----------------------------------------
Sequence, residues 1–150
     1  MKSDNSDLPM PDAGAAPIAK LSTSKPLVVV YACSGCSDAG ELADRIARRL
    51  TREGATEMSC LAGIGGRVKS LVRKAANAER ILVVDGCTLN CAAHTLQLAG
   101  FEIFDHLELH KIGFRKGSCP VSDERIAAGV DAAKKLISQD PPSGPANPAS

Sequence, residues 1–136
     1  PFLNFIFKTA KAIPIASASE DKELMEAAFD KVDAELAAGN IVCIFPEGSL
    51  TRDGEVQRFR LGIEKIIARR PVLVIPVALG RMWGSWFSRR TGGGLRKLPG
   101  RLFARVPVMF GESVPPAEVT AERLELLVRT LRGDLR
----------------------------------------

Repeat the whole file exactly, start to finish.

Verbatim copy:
Sequence, residues 1–150
     1  MKSDNSDLPM PDAGAAPIAK LSTSKPLVVV YACSGCSDAG ELADRIARRL
    51  TREGATEMSC LAGIGGRVKS LVRKAANAER ILVVDGCTLN CAAHTLQLAG
   101  FEIFDHLELH KIGFRKGSCP VSDERIAAGV DAAKKLISQD PPSGPANPAS

Sequence, residues 1–136
     1  PFLNFIFKTA KAIPIASASE DKELMEAAFD KVDAELAAGN IVCIFPEGSL
    51  TRDGEVQRFR LGIEKIIARR PVLVIPVALG RMWGSWFSRR TGGGLRKLPG
   101  RLFARVPVMF GESVPPAEVT AERLELLVRT LRGDLR